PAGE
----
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Payers, on the other hand, who promote prescribing of particular medicines in their formularies and guidelines often have an agenda, which is far from crystal to the patient. Typically payer decisions to promote particular medicines are based on a trade-off between what is best for the individual and what is best for the population. It is not immoral to promote sub-optimal treatment of an individual (say using a generic rather than a marginally better branded medicine) in order that more people can be treated with the same amount of money. It is however questionable to hide this motivation from the patient particularly if done in collusion between payers and prescribers so that the patient is not informed of choices that would be better for them as an individual. Worse, decisions to promote certain treatment for cost saving reasons are sometimes justified using evidence that would be pilloried if it were used by a pharma company for the same ends.

This brings us to a second noble feature of the promotion of medicines by pharma companies, namely that it is (unlike that of the payers above) closely regulated and framed within certain rules. God knows I’ve argued long and hard elsewhere that rules are not enough to ensure ethical promotion but, notwithstanding that, some rules are vital. That there are rules and that competitors monitor each other to enforce them encourages fair play and equality as well as guaranteeing a quality to the promotion for its target audience.

Promotion of medicines benefits patients in both the long and short term. In the longer term the only effective model we have for developing new medicines is a profit based one. No promotion of medicines, no profits, no industry, no new medicines. Humanity will survive, as it would without doctors, but it would be a lesser world if we didn’t seek to improve the quality of the human experience. In the short term, patients also benefit from acts of promotion (as distinct from what is being promoted). Clinical knowledge does not move rapidly, particularly in primary care where everything subject has to be catered for. To have a small army of people visiting doctors, with the sole purpose of having discussion and debate about a medicine in a diseases area, is bound to make some clinicians think about things they haven’t done in a long time, whether or not they accept the promotional argument. Allied to this in the wake of any promotional campaign comes a raft of medical education in palatable forms that is dispensed freely and enthusiastically. Gainsayers would point towards bias in such education, but that is for the recipient to judge unless we consider health professionals irretrievably dim, requiring of protection and unworthy of autonomous choice in deciding from where they will take information.

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“Poor promotion of a medicine deserves to fail under challenge, but so do poor excuses for not using a medicine.”

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It cannot be thought, however, that promotion is only good for primary care and its patients. Specialists too gain from the challenge promotion brings to accepted routines and the forums it creates for presentation and debate both locally and at international congresses. Is there anyone to step into the educational breach should pharma remove its promotional forces around which a melee of valuable scientific discussion takes place?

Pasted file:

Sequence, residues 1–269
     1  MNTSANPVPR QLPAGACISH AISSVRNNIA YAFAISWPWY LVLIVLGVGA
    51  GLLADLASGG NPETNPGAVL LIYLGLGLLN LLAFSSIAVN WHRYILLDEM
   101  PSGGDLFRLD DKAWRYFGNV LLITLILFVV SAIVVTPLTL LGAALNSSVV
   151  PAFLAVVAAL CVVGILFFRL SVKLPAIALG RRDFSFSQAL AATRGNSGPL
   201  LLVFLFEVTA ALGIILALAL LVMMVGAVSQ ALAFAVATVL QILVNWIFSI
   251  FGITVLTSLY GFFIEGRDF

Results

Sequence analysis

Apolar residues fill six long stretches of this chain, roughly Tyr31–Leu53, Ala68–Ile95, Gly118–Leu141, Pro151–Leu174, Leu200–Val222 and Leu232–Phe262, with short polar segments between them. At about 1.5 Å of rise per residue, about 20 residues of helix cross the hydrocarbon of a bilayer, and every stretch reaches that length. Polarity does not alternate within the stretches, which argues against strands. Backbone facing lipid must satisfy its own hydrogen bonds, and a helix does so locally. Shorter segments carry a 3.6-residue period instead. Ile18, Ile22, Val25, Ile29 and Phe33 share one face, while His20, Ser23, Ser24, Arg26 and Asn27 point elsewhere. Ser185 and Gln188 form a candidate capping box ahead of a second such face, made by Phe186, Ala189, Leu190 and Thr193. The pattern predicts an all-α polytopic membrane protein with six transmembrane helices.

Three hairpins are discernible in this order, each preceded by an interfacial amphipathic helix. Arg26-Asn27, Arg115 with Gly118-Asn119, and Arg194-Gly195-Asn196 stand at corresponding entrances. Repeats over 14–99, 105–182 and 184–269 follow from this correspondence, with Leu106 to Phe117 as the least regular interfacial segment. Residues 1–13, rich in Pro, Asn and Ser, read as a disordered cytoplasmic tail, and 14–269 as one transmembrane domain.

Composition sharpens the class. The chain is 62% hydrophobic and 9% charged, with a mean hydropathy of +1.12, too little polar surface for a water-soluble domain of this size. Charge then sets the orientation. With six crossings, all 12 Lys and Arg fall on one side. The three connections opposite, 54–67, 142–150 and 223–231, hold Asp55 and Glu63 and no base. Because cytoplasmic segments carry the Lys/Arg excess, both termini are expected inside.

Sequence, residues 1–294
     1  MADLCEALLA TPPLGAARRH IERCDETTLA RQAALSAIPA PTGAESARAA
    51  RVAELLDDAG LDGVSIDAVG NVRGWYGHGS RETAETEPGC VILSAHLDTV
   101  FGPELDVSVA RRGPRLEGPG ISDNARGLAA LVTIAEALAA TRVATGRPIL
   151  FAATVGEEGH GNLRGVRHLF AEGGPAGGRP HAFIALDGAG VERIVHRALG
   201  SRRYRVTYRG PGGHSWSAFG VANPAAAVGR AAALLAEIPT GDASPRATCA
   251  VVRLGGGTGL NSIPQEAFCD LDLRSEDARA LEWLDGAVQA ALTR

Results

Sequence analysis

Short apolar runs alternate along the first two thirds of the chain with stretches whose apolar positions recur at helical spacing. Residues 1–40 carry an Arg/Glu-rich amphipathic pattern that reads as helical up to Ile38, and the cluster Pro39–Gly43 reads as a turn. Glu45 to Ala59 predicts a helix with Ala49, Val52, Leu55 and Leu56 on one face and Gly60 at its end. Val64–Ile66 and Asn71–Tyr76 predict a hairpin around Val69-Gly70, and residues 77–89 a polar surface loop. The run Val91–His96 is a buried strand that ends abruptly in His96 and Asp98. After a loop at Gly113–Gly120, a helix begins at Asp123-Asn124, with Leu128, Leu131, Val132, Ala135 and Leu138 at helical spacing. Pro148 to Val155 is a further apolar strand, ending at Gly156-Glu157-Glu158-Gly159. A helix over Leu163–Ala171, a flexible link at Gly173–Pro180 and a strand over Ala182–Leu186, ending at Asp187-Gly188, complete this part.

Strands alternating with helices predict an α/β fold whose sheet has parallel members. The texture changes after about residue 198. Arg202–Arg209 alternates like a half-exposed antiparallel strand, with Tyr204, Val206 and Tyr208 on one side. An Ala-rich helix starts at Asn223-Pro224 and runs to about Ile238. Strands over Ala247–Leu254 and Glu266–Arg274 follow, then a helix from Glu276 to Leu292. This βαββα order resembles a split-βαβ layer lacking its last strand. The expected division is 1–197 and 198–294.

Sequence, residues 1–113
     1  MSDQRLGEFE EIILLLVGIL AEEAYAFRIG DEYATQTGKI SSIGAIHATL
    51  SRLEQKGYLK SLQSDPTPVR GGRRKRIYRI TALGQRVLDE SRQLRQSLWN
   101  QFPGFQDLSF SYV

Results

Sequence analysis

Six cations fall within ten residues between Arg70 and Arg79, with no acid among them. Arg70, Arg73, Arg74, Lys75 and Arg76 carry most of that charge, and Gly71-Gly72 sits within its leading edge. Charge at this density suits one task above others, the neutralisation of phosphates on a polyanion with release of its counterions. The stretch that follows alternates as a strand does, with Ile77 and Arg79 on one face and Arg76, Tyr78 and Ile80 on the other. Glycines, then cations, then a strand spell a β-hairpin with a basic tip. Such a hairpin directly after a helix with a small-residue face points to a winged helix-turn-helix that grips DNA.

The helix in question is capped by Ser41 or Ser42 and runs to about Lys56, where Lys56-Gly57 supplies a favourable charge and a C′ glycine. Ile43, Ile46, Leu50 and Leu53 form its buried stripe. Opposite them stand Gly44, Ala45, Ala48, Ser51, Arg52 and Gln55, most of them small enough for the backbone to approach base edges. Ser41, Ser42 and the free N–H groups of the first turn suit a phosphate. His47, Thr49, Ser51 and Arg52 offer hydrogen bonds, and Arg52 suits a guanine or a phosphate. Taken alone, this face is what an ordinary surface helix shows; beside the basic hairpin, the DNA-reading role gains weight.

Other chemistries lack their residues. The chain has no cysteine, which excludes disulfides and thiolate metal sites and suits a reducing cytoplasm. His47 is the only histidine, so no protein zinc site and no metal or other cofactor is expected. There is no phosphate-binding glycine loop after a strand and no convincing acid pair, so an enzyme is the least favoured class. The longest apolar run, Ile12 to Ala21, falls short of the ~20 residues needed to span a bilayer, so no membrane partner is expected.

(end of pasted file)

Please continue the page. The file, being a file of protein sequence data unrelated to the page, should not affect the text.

Poor promotion of a medicine deserves to fail under challenge, but so do poor excuses for not using a medicine. The people who create medicines must have the right to make their case and not leave that case in the ponderous hands of self-appointed experts whose biases are no less real simply because they are unclear. There are lessons to be learnt however and I return to the ‘good’ motif. There has been too much poor promotion that has sullied the ‘brands’ it has sought to create. The value of the ‘Western’ representative was sacrificed a while back on the altar of coverage and frequency such that numbers are now declining heavily in mature markets just as they are taking off in the developing world. Please God we protect the value of the representative in that world with a long-term view that recognises the ethical merits of promotion and works hard to keep it good.

European-CME-Forum-15-16-November-2012

About the author:

Dr Nick Broughton is Managing Director at Pharmaceuticalethics.com.

Nick Broughton qualified at Nottingham University Medical School and worked in hospital medicine and primary care for a period of seven years before joining the pharmaceutical industry.

His first role was as a clinical research manager in phase II and III at studies Sanofi Winthrop before moving into a medical adviser role at MSD UK.

The majority of his pharmaceutical career has been at AstraZeneca where he was UK Medical Affairs Manager before becoming UK Head of Medical Affairs. He then gained over 2 years international experience as European Director of Regulatory Affairs.

Nick is co-founder of Pharmaceuticalethics.com, a company that provides ethics and compliance audit, education and consultancy services to pharma and allied agencies.

How can we improve promotion of medicines?